Now the Assam Accords being not only an agreement between the civil movements of Assam and the Indian government but was also being a follow up to an agreement between the sovereign governments of India and Bangladesh must have been respected with prompt action. But as always political calculations and vote banks came in way of long term deliberations and policy implementations. Finally, the Supreme Court had to intervene so much so that it asked the machinery responsible for the execution of the NRC to directly report to it.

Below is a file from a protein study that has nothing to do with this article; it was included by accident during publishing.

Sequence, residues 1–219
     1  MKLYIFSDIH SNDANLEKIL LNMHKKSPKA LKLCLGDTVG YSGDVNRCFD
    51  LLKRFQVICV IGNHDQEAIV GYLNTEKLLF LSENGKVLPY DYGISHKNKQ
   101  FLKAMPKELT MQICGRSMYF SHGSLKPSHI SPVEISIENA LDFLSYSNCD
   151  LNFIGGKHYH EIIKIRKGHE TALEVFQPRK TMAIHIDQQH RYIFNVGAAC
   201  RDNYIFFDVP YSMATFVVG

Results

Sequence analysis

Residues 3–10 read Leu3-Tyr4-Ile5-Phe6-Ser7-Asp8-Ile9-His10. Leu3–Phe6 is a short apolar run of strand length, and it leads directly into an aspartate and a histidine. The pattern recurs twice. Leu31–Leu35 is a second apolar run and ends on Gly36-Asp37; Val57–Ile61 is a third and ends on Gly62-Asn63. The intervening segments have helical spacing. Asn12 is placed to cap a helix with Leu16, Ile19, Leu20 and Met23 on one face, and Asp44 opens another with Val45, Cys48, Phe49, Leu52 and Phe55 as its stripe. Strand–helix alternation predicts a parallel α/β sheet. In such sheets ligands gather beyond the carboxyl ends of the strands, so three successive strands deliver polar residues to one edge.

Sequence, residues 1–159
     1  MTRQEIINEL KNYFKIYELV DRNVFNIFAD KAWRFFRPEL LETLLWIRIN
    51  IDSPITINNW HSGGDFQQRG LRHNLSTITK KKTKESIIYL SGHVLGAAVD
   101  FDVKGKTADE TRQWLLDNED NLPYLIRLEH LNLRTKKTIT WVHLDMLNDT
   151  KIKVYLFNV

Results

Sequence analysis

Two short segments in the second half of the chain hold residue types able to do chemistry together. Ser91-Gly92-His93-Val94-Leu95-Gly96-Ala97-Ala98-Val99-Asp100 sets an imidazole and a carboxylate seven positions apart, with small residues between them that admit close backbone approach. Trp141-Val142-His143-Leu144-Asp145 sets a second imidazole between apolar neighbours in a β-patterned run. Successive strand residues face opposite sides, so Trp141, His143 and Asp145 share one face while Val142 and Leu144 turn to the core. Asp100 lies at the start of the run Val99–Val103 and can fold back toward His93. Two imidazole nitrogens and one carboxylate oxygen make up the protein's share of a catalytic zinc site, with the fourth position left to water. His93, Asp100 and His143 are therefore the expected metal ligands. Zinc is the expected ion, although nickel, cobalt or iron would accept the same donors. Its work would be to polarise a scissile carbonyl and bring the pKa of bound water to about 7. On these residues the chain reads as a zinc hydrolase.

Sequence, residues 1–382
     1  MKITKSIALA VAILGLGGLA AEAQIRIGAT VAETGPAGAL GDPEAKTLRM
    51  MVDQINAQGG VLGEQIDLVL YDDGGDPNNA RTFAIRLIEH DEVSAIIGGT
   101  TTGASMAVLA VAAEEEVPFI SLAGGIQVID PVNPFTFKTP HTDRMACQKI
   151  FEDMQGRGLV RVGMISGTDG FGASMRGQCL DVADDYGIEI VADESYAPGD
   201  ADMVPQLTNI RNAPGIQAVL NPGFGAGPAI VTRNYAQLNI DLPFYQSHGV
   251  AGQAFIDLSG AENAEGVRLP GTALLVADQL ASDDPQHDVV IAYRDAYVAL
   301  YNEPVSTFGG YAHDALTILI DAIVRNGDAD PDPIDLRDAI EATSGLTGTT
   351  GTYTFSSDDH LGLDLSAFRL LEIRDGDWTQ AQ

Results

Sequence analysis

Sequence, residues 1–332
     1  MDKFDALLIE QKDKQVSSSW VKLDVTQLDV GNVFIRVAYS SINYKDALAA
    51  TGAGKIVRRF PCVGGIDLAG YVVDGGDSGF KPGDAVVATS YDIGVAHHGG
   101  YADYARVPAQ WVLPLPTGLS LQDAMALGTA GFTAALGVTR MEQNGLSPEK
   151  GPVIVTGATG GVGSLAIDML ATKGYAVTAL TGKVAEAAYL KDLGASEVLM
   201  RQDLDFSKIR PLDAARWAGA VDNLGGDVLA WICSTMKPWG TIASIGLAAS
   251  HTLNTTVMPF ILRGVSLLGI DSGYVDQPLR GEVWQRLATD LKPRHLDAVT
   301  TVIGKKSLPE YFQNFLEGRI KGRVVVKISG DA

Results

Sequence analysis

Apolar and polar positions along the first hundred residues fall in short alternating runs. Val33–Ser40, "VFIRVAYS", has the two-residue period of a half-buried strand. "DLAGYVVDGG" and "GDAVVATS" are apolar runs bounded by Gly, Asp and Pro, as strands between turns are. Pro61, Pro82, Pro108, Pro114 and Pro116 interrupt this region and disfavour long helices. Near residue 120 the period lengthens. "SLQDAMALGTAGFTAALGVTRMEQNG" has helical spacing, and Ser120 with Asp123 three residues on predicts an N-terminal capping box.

With this background in the back of our minds, let us look at the problem at hand. The CAA must, therefore, be viewed as an exception. This is the first time that the government has taken a less protectionist stance on the matter of immigration and considered long-standing humanitarian demands. The demands for Rohingyas and Ahmediyas are much more recent compared to the identification of state-sponsored persecution of Hindus, Buddhists, Christians and other religious minorities in Pakistan, Bangladesh and Afghanistan. The decline in their populations in these countries is living proof of their persecution.